The Object of My Affection is the film adaptation of the novel of the same name by Stephen McCauley. The screenplay was written by Wendy Wasserstein, and the film was directed by Nicholas Hytner.
The cast includes Jennifer Aniston, Paul Rudd, John Pankow, Allison Janney, Alan Alda, Nigel Hawthorne, Amo Gulinello, Tim Daly, and Steve Zahn.
The film tells the story of a pregnant New York social worker (Aniston) who develops romantic feelings for her gay best friend (Rudd) and wants to raise her child with him, but then it gets complicated.
It’s a big-name cast and while everyone is happily delivering within their comfort zones, you can’t criticise the acting.
I haven’t read the novel, and maybe the film adaptation is fairly faithful to its source material, but there’s something about this movie that I really don’t like.
Hytner is a big name in the theatre world — his big hits have included Miss Saigon, The History Boys, and One Man Two Guvnors. He was artistic director of the National Theatre in London for ten years. Having worked with Nigel Hawthorne on The Madness of King George (1994), it’s unsurprising that Hawthorne makes an appearance here also.
Hytner is a gay man, so you can’t accuse him of not being connected to the subject matter, but he was born in 1956 so his experience of being gay is obviously different to men of younger generations.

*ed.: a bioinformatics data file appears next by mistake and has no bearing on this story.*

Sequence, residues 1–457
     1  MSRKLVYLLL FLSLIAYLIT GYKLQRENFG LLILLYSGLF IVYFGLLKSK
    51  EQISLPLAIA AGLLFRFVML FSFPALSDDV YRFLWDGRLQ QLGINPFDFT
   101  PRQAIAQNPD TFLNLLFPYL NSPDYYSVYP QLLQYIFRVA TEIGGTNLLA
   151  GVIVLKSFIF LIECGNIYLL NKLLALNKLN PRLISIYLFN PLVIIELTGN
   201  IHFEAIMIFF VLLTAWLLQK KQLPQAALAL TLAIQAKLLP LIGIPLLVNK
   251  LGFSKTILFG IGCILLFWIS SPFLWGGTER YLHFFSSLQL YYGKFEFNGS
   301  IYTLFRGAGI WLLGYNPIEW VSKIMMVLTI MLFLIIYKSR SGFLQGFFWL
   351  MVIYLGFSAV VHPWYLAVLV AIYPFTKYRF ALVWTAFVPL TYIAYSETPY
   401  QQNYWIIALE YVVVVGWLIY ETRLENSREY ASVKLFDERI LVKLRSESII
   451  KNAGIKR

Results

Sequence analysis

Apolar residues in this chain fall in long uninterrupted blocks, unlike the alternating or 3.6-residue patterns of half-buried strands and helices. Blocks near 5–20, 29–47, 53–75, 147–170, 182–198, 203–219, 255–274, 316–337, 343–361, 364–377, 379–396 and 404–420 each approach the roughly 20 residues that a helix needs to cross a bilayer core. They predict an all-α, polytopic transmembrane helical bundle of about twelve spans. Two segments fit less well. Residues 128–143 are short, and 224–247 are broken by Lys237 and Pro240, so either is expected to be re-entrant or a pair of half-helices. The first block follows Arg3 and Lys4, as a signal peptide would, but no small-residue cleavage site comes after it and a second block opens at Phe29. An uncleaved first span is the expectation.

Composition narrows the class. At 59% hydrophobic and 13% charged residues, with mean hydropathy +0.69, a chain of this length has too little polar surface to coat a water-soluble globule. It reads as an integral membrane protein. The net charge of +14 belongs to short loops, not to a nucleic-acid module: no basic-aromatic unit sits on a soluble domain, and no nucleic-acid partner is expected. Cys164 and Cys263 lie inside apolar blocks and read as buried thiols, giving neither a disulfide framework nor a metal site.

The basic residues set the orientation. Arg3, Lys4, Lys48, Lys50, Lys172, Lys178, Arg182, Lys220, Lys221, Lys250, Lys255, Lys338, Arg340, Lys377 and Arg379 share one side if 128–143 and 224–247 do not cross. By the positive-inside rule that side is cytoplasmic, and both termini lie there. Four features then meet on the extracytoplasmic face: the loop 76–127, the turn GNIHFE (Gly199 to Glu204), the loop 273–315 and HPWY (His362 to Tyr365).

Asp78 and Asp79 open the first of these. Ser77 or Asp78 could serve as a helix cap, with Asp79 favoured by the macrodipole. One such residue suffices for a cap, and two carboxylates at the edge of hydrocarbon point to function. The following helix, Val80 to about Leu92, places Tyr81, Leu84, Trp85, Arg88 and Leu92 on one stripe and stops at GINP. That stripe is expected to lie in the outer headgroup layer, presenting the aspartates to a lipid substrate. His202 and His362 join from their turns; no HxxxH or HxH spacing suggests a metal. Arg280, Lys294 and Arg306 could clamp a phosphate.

Also, it has to be acknowledged that making ‘a gay movie’ in the late 90s was a very different proposition to making a similar movie today. At the time of this movie, Aniston was on the crest of her Friends-stardom. Rudd had just had a hit with Clueless. For everyone involved, making a gay movie would have carried some level of career risk, and I imagine that the producers (Laurence Mark) and studio (20th Century Fox) would also have been fairly cautious — keen to make a film that wouldn’t offend anyone and would be commercially successful.
The good news is that it was commercially successful. Everyone made money and no one was offended.
But it’s hard to watch this film today without feeling disappointment at its determination to show just how ‘normal’ gay men can be. It’s a very sanitised, white-washed view of the gay experience – show-casing just how great a white gay-best-friend can be. Demonstrating how gay guys can be so great that you wouldn’t even know that they were gay, that you can pretty much pretend that they’re straight, and that they probably would fall in love with a nice girl like you if it wasn’t for those other pesky gay guys continually trying to lead them astray.
As everyone gets their happily-ever-after, and the final credits roll, Sting sings You Were Meant For Me. It’s that kind of movie.